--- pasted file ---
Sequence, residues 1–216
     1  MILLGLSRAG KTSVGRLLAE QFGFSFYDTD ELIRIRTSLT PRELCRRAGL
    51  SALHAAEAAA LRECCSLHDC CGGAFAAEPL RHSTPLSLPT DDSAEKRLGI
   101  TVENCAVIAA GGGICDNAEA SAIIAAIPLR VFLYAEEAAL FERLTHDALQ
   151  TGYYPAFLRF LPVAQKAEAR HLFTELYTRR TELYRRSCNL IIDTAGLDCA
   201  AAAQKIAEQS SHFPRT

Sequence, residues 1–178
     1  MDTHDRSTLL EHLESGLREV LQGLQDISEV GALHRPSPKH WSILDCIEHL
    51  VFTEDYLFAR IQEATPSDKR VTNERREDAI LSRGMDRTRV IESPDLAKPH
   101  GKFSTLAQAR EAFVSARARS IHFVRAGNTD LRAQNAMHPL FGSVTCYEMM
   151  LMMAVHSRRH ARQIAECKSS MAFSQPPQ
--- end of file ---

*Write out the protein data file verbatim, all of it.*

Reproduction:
Sequence, residues 1–216
     1  MILLGLSRAG KTSVGRLLAE QFGFSFYDTD ELIRIRTSLT PRELCRRAGL
    51  SALHAAEAAA LRECCSLHDC CGGAFAAEPL RHSTPLSLPT DDSAEKRLGI
   101  TVENCAVIAA GGGICDNAEA SAIIAAIPLR VFLYAEEAAL FERLTHDALQ
   151  TGYYPAFLRF LPVAQKAEAR HLFTELYTRR TELYRRSCNL IIDTAGLDCA
   201  AAAQKIAEQS SHFPRT

Sequence, residues 1–178
     1  MDTHDRSTLL EHLESGLREV LQGLQDISEV GALHRPSPKH WSILDCIEHL
    51  VFTEDYLFAR IQEATPSDKR VTNERREDAI LSRGMDRTRV IESPDLAKPH
   101  GKFSTLAQAR EAFVSARARS IHFVRAGNTD LRAQNAMHPL FGSVTCYEMM
   151  LMMAVHSRRH ARQIAECKSS MAFSQPPQ